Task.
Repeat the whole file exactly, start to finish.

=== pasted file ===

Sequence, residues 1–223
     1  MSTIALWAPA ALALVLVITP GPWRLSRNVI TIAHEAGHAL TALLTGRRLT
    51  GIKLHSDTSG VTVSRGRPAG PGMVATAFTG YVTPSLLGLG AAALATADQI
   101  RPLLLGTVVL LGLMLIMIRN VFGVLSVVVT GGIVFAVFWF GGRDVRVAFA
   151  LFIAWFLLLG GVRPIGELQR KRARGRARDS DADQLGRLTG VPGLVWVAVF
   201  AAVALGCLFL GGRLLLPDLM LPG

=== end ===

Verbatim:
Sequence, residues 1–223
     1  MSTIALWAPA ALALVLVITP GPWRLSRNVI TIAHEAGHAL TALLTGRRLT
    51  GIKLHSDTSG VTVSRGRPAG PGMVATAFTG YVTPSLLGLG AAALATADQI
   101  RPLLLGTVVL LGLMLIMIRN VFGVLSVVVT GGIVFAVFWF GGRDVRVAFA
   151  LFIAWFLLLG GVRPIGELQR KRARGRARDS DADQLGRLTG VPGLVWVAVF
   201  AAVALGCLFL GGRLLLPDLM LPG